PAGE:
Investigators performed tumor biopsies to assess immune response before and after receiving nivolumab. All but one initial tumor biopsy showed a near-complete absence of infiltrating immune cells, indicating that patients’ immune systems were essentially inactive against the cancer. Of five biopsies taken while patients were receiving nivolumab, two showed moderate immune infiltrates, indicating that the immune system had begun to attack the skin cancer. Both of these patients later had a complete response when investigators added ipilimumab to the nivolumab.

The researchers also measured donor-derived cell-free DNA levels every two weeks to study feasibility as a potential predictor of graft rejection. Donor-derived cell-free DNA is a quantitative, blood-based marker of graft rejection used to monitor graft health in the non-oncology post-transplant setting, but its utility in the oncology setting with kidney transplant recipients is largely unknown.

Primary endpoint
The study did not meet its primary composite endpoint of partial or complete tumor response or stable disease without graft loss after 16 weeks. Three patients experienced treatment-related graft loss at different points during the trial.

Nonetheless, Lipson considers the trial an important step forward.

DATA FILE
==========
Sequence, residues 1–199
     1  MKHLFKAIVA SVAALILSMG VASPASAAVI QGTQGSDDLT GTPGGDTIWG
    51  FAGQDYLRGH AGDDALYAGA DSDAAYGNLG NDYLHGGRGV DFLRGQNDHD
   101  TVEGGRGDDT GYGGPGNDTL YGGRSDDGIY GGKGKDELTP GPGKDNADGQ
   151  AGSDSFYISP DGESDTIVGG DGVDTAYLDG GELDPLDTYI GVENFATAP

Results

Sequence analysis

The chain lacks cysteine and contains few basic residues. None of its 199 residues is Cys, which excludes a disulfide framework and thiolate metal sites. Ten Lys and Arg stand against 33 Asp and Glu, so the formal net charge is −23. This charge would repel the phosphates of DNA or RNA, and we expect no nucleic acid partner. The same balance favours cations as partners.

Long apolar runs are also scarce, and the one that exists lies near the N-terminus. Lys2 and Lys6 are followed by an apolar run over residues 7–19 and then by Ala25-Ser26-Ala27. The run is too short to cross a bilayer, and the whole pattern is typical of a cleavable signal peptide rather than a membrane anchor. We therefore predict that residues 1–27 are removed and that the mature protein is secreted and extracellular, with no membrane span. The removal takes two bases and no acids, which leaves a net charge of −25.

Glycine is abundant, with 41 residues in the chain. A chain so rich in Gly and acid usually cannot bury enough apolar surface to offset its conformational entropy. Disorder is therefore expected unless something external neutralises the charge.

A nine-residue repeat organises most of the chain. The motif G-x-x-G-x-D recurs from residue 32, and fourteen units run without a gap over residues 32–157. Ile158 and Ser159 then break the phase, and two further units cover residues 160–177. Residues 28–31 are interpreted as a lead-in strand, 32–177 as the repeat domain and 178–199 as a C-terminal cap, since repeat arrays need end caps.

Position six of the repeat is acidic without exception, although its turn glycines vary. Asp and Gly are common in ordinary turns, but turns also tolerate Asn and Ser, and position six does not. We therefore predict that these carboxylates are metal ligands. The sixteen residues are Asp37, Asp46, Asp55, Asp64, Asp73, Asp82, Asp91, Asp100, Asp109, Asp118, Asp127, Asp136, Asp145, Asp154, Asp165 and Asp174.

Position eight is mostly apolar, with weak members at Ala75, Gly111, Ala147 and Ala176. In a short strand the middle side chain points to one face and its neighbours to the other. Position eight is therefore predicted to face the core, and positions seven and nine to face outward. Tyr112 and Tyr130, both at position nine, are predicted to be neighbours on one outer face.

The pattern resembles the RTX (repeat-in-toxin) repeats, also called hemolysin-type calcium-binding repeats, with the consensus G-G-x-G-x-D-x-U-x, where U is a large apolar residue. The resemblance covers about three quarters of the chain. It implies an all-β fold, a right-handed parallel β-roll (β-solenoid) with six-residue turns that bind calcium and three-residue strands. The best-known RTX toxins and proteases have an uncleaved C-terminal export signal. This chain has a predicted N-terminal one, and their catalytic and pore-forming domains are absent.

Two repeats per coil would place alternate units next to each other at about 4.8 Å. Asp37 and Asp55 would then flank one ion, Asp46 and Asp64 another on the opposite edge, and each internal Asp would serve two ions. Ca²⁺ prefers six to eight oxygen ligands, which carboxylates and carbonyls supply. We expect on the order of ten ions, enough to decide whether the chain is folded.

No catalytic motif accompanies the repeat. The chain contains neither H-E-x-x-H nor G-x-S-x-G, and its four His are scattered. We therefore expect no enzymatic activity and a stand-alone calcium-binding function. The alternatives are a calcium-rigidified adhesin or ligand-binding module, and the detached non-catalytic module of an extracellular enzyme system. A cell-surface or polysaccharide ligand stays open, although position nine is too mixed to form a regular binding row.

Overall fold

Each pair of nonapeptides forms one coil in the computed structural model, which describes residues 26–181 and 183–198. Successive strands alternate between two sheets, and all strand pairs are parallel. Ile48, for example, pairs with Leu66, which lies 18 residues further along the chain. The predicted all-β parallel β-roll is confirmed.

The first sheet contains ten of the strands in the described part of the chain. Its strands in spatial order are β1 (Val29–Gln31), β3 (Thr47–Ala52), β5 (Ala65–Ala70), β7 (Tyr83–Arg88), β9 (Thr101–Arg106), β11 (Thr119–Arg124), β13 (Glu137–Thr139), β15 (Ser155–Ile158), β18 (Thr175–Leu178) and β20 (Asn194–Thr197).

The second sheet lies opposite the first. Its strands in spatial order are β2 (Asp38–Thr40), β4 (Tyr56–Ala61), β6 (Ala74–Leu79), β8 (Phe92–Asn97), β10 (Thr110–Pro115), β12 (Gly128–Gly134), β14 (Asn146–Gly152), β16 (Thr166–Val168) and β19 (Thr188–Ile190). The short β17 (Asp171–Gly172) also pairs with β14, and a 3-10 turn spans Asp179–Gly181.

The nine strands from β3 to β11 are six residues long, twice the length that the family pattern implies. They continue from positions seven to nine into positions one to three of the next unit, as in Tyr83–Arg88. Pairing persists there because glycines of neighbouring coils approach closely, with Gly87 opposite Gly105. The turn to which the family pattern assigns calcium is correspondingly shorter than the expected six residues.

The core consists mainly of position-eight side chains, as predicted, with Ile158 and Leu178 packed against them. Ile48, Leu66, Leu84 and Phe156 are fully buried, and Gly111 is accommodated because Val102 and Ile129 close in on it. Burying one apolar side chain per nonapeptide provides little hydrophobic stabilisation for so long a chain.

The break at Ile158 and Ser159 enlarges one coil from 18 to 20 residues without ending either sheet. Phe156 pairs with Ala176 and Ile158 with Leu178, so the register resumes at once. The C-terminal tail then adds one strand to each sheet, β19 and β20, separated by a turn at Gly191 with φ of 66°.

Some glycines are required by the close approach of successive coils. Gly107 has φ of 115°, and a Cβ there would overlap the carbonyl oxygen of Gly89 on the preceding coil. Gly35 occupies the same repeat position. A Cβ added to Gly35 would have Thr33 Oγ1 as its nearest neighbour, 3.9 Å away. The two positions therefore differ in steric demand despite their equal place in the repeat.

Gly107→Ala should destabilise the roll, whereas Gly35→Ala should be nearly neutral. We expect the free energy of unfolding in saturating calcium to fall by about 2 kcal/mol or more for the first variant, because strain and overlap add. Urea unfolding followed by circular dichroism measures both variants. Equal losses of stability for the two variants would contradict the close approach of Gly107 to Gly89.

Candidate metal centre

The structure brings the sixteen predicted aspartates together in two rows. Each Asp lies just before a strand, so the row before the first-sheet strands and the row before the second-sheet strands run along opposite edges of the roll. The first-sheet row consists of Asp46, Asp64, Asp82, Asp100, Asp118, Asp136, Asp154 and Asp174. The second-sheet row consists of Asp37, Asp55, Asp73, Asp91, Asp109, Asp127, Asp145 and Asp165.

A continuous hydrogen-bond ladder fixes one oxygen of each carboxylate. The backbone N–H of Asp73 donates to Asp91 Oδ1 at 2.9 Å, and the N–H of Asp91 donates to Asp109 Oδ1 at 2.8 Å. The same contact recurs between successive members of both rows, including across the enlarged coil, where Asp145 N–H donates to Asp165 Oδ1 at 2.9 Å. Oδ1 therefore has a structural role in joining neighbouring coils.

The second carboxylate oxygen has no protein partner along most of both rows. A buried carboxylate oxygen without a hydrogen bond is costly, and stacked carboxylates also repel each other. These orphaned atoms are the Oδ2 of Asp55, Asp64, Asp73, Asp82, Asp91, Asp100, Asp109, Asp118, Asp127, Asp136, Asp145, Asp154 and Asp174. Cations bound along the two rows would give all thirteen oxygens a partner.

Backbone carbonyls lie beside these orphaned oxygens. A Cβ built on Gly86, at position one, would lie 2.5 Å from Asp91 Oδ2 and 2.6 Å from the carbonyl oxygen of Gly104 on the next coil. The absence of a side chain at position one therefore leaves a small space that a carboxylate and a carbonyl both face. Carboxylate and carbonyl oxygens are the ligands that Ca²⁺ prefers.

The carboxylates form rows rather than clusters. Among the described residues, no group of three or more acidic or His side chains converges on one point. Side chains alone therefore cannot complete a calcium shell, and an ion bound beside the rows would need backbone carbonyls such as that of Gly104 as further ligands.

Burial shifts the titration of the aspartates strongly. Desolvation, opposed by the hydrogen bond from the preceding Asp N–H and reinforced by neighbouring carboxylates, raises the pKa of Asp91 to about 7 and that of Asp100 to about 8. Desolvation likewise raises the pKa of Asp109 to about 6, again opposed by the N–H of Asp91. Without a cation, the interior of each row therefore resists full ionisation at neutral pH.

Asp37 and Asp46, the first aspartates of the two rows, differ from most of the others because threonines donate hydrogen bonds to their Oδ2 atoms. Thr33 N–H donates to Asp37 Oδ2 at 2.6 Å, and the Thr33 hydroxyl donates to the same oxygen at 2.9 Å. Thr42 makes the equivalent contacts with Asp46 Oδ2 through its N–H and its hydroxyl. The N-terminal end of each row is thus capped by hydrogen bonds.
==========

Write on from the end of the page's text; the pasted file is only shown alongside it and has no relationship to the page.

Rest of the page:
“The immune suppression we chose prevented nivolumab (anti-PD-1) from working at full effectiveness but didn’t fully protect the kidney either,” he said. “We also learned that the immune system really started attacking cancer only when we added the second checkpoint inhibitor,” Lipson said.

Additional findings
Another important finding, in two of the three patients whose transplanted kidneys were damaged because of the trial medications, was that donor-derived cell-free DNA levels increased 10 and 15 days before increases in serum creatinine, a measure of kidney health.

“Going forward, this knowledge may help us intervene earlier and better preserve the transplanted organ, a precious resource,” Lipson explained.

The study team has already begun work on a follow-up trial that will pair prednisone with the immunosuppressive drug sirolimus (Rapamune®; Pfizer) in addition to the two immune checkpoint inhibitors, nivolumab and ipilimumab, given concurrently.